The Tough for Tyce fund raising benefit for the 2-year old son of Amy and Brad Campbell was held during the basketball games with Virgin Valley in Alamo last Saturday.
Amy Campbell, the former Amy Higbee, was a standout basketball player for PVHS and helped the team win four consecutive Division IV state championships, 2003-2006.
Her son Tyce, was diagnosed in 2015 with rhabdomyosarcoma, the most common soft tissue cancer found in children. It is usually quite fast growing to other parts of the body. Children can develop it at any age, but it is most common in those between 2 and 6 years old, and between 15-19 years old. Boys tend to have it more than girls.
A series of chemotherapy treatments did not succeed in stopping the cancer, and in November doctors amputated his leg at the knee. Four days later, Amy gave birth to her second child.
All the proceeds and donations of the fundraiser were given to the Campbell family to help with the medical costs.
Amy herself was presented with her old high school jersey with her name on the back and mounted in a specially made frame.
Her former coach Amy Huntsman said it’s the first time in her 22-year career, she has ever given a former player their original jersey. It doesn’t mean the number is retired, in fact current PVHS player Karley Whipple wears the same number, but it does recall the fine career Higbee had as a player for the Lady Panthers.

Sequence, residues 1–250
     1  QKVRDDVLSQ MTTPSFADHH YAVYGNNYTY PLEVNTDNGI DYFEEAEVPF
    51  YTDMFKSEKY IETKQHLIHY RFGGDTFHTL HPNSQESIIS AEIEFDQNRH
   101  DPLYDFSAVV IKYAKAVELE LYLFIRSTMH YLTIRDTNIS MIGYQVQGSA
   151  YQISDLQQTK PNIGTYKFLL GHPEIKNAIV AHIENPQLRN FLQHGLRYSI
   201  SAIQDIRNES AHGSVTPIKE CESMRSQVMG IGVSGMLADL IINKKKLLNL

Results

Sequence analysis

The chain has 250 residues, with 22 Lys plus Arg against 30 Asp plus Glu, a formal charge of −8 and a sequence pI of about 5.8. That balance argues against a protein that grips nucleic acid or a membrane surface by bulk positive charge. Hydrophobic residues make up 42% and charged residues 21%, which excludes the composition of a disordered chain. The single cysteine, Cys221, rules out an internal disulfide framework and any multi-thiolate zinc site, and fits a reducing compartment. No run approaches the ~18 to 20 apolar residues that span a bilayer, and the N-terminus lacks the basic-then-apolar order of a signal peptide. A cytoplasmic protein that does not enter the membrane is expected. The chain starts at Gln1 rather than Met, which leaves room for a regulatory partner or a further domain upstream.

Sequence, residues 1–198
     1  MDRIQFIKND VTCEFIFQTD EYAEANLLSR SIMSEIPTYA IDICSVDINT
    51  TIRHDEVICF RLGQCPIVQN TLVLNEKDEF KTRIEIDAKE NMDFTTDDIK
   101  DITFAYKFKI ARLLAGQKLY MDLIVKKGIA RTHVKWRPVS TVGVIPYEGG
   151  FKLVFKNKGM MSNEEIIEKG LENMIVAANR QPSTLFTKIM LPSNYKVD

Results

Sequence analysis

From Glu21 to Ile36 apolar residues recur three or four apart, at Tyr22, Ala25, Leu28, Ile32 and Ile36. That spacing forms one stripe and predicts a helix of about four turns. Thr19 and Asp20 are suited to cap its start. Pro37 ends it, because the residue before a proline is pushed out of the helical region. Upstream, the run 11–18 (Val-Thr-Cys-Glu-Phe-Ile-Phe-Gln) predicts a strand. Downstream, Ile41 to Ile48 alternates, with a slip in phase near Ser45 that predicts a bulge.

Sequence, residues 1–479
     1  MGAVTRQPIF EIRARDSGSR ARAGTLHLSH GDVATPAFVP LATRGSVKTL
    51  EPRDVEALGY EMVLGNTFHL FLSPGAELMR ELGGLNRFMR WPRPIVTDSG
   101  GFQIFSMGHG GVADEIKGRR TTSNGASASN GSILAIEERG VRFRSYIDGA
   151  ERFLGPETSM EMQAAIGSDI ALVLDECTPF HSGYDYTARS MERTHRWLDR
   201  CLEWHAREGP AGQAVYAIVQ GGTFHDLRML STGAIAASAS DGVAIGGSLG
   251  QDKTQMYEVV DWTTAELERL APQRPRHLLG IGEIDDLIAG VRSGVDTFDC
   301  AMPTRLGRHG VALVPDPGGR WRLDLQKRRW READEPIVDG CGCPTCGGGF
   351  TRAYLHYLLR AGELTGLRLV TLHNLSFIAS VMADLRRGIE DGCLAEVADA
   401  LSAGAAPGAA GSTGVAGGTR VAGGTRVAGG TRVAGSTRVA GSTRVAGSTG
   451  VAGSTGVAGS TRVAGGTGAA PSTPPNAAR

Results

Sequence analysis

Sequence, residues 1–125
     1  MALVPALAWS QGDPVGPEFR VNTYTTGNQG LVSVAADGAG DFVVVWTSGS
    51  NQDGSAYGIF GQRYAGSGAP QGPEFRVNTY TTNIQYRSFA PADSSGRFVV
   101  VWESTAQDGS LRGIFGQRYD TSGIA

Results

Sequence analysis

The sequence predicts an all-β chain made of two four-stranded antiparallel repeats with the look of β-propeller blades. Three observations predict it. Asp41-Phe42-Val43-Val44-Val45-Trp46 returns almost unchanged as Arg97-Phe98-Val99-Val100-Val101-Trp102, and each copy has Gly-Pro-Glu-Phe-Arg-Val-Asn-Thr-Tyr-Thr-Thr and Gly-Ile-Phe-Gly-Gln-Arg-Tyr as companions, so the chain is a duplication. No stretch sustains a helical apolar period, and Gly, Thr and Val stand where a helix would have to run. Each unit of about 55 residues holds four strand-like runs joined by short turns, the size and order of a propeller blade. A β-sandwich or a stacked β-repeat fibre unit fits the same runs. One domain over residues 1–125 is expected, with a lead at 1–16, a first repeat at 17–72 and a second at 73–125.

Campbell, who lives in Fernley, said she was very emotional regarding the benefit done for her family. “I wish I could explain how much it means to me. It’s hard, but I appreciate it so much, and I feel I will forever owe my sweet town for everything they have done.”
At the beginning of the boys game, Tyce was carried by the team captains to meet with the referees at center court for the pre-game instructions. During the player introductions of the starting five, Tabor Maxwell carried Tyce out onto the floor as a member of the lineup.
A special jump ball was held using a child’s size ball. Virgin Valley also participated in what was happening, as Jacob Roemer tipped the ball to Cody Williams who handed it to center Culen Highbe. Highbe, standing on a short step stool, then held Tyce high over his head and let the youngster dunk the ball through the hoop, to the cheers of the crowd. Then a special photo was taken of both teams gathered around the Campbell family.
Tyce doesn’t know he is handicapped and is as active and curious as any 2-year old, scooting up and down the steps at the gym and crawling on the chairs the players sit on.
He is expected to get a prosthetic leg very soon.
A Gymkhana event was held for Tyce last August at the Alamo Rodeo Grounds and raised about $3,000.